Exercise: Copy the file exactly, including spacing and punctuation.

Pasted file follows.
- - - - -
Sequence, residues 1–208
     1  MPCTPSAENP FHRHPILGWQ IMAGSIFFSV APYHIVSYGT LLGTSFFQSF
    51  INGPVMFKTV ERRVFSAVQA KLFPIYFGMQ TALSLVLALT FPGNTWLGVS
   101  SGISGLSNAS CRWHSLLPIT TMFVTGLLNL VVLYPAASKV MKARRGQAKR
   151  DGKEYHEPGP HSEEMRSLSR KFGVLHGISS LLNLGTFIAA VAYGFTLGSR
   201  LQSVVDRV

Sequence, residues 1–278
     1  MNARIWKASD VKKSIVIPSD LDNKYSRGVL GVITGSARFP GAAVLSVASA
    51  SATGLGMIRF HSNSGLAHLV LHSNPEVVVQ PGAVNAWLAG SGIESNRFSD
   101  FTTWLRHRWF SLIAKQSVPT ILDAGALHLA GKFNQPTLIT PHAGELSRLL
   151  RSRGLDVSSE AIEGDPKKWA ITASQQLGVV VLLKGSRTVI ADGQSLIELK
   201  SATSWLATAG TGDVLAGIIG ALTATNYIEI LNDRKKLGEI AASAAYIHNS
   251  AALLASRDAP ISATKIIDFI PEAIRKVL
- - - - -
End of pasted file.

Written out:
Sequence, residues 1–208
     1  MPCTPSAENP FHRHPILGWQ IMAGSIFFSV APYHIVSYGT LLGTSFFQSF
    51  INGPVMFKTV ERRVFSAVQA KLFPIYFGMQ TALSLVLALT FPGNTWLGVS
   101  SGISGLSNAS CRWHSLLPIT TMFVTGLLNL VVLYPAASKV MKARRGQAKR
   151  DGKEYHEPGP HSEEMRSLSR KFGVLHGISS LLNLGTFIAA VAYGFTLGSR
   201  LQSVVDRV

Sequence, residues 1–278
     1  MNARIWKASD VKKSIVIPSD LDNKYSRGVL GVITGSARFP GAAVLSVASA
    51  SATGLGMIRF HSNSGLAHLV LHSNPEVVVQ PGAVNAWLAG SGIESNRFSD
   101  FTTWLRHRWF SLIAKQSVPT ILDAGALHLA GKFNQPTLIT PHAGELSRLL
   151  RSRGLDVSSE AIEGDPKKWA ITASQQLGVV VLLKGSRTVI ADGQSLIELK
   201  SATSWLATAG TGDVLAGIIG ALTATNYIEI LNDRKKLGEI AASAAYIHNS
   251  AALLASRDAP ISATKIIDFI PEAIRKVL